Brendan Keating, Chief Executive, said:

We are encouraged by the increase in trade traffic through the Port of Cork and Bantry Bay Port in 2017. An 8.6% increase in total trade traffic shows the positivity in the markets which were showing a marginal decrease in 2016. We are particularly encouraged by the growth in container traffic through both Tivoli and Ringaskiddy which increased by 3.7%. This increase is a clear indication that consumer markets are beginning to open up with both imports and exports on the rise through Cork.

In particular, the Port's total container volumes through both Tivoli and Ringaskiddy Container Terminals grew by 3.7% compared to 2016 figures, with a total of 217,763 TEU’s handled in 2017, the port said in a recent announcement.

Oil traffic, predominantly handled through Whitegate Oil Refinery now owned by Canadian company Irving Oil, saw an increase of 2%. Trade in dry bulk cargos such as animal feed, fertilisers and cereals saw increases throughout the year.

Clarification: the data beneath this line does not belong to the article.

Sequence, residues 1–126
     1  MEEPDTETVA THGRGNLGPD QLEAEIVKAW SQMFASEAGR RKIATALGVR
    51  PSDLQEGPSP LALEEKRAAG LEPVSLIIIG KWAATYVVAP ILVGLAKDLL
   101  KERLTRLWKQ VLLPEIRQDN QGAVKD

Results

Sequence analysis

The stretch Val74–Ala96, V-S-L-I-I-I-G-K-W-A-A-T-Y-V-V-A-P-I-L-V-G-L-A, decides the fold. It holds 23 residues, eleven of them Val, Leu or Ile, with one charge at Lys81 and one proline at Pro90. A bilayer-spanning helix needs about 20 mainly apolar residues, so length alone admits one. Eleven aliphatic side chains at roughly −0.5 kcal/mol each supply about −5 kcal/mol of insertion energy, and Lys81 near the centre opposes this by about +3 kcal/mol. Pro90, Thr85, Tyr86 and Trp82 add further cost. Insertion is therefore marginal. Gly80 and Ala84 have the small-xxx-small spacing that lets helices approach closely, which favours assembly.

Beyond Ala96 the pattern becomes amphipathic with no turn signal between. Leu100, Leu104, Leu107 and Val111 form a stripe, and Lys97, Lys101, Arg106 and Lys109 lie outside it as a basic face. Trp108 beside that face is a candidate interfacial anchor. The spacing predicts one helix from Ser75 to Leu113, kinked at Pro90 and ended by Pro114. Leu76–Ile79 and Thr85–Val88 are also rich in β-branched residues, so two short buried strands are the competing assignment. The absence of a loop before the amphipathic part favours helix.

However, the Port saw saw some decreases in the volume of cars imported, with 34,000 trade vehicles imported in the past year.

In addition, in Bantry Bay, five cruise liners visited the harbour, with MV Prinsendam making her maiden call to Bantry, the first liner to do so in 30 years. Mr. Keating continued:

With regards to tourism, the Port of Cork had a very positive year with 68 cruise liners calling bringing over 142,000 passengers and crew to visit the Munster region. Furthermore, in 2017, for the second year running, Cobh was named the second Best Cruise Destination in the British Isles & Western Europe in the Cruise Critic Cruisers’ Choice Destination Awards, a further endorsement of our cruise business.

In August 2017, the port completed and opened Bantry Harbour Marina, part of the inner harbour development. The cruise business has doubled with ten cruise liners expected to call in 2018.

In 2017, the Port of Cork also signed a MoU with NextDecade Corporation (NEXT), a US-based LNG to explore a joint development opportunity for a new FSRU and associated LNG import terminal infrastructure in Cork Harbour. Mr Keating said on this:

As an entry point into the Irish energy market, the Port of Cork is an attractive location for an FSRU-based LNG import terminal. Surrounded by existing marine infrastructure and industrial facilities, the proposed site is less than 2km from Gas Networks Ireland Grid and would benefit from relatively benign and attractive conditions.